Getting an Apple M1, especially the lowest spec machines, be that the Air or the Pro will not seem like a paradigm shift for many, and initially I made that mistake too. In the last 5 months though, I started re-assessing…


MacBook Pro M1 screen overlaid with some SMART data and a thinking emoji.

I am not here to defend Apple. God knows, they have not given me anything I have not paid for (other than Apple TV+), I haven’t a single Apple share, nor is my dwarf cactus a distant relative of Steve Jobs. …

A bunch of screenshots from various sites illustrating lists, overlaid with the HTML5 and W3C WCAG 2.1 AA badges.

And if that reminds you of Santa, that’s fine, because whenever you make a website or web application accessible, it’s like a present to the entire world, and you get to be the big man for a minute. Ain’t that nice? 🎅

It turns out that achieving an accessible list can get a tad hairy sometimes, a bit like good ol’ Santa’s beard. According to the WCAG guidelines and implicitly the W3C, there’s not much else you need do with a list than define the list type, and the list items, which is very simple and has been around for…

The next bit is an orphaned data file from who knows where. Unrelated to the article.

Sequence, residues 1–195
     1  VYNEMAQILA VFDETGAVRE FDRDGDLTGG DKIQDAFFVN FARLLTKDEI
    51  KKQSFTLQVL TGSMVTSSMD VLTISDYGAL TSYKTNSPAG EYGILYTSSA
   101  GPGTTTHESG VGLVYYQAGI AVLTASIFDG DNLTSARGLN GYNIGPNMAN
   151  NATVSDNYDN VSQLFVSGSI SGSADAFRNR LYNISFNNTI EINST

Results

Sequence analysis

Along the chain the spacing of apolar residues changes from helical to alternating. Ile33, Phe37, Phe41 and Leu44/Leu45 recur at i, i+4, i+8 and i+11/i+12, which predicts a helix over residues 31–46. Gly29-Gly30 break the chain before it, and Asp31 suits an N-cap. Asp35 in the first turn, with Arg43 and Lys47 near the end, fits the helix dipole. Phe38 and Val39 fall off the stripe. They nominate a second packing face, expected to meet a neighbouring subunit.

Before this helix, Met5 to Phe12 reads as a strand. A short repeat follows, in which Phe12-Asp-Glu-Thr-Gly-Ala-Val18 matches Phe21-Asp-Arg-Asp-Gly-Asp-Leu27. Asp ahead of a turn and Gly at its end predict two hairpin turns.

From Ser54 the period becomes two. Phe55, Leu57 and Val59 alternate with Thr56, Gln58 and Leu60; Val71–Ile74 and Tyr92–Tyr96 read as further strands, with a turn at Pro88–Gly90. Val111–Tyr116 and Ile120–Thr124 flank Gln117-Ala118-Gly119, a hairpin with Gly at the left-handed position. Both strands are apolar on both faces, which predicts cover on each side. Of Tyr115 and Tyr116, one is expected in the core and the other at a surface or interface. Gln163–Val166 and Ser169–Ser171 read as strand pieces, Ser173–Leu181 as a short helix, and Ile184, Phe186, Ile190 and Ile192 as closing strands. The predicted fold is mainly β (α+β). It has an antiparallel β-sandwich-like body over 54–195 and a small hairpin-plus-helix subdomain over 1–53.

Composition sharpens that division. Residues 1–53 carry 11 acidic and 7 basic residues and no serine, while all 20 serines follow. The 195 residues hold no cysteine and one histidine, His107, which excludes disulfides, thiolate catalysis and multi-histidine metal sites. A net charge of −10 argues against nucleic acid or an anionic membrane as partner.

Reading the title, the first thing that comes to mind is Katy Perry’s song “I kissed a girl, and I liked it” — I know 😆, but in a weird way, for me, being featured on a podcast for the first time ever, totally unscripted, was a little bit like that — delving into the unknown. Podcasts are an alien medium for me. I know of them, but I never really became a fan. It’s weird, but I suppose to some extent, so am I, so no surprises there.

It should also come as no surprise to those who know…

Two pairs of hiking shoes alternating between each other on green grass.

It was like every other late winter Dublin morning. The windows dripping condensation like a wet poodle after an unforgettable slow-motion session with the garden-hose. The neighbour banging his car’s door which I can only assume is a creative attempt to wake himself up as he speeds off to drive his taxi for the next eight hours and my alarm clock scaring the bejeezus out of me, kicking off the morning routine much better than my Nespresso machine ever will. It’s groundhog day. Heck. It’s groundhog year at this point. …

In the first part of this potentially slightly over-elaborate article on accessibility and Apple’s new M1 processor, I focused mostly on technical context, app and web development, and to some extent on application design and UX. The good news is, this radical new approach to hardware goes beyond all of those aspects, and allows the operating system — Big Sur — to further evolve for all users, both disabled and not. …

Attila Vágó

Writer of code, blogs and things that live on the web. Pragmatic doer, Lego fan, Mac user, cool nerd. JavaScript and Flutter enthusiast. HMH.engineering editor.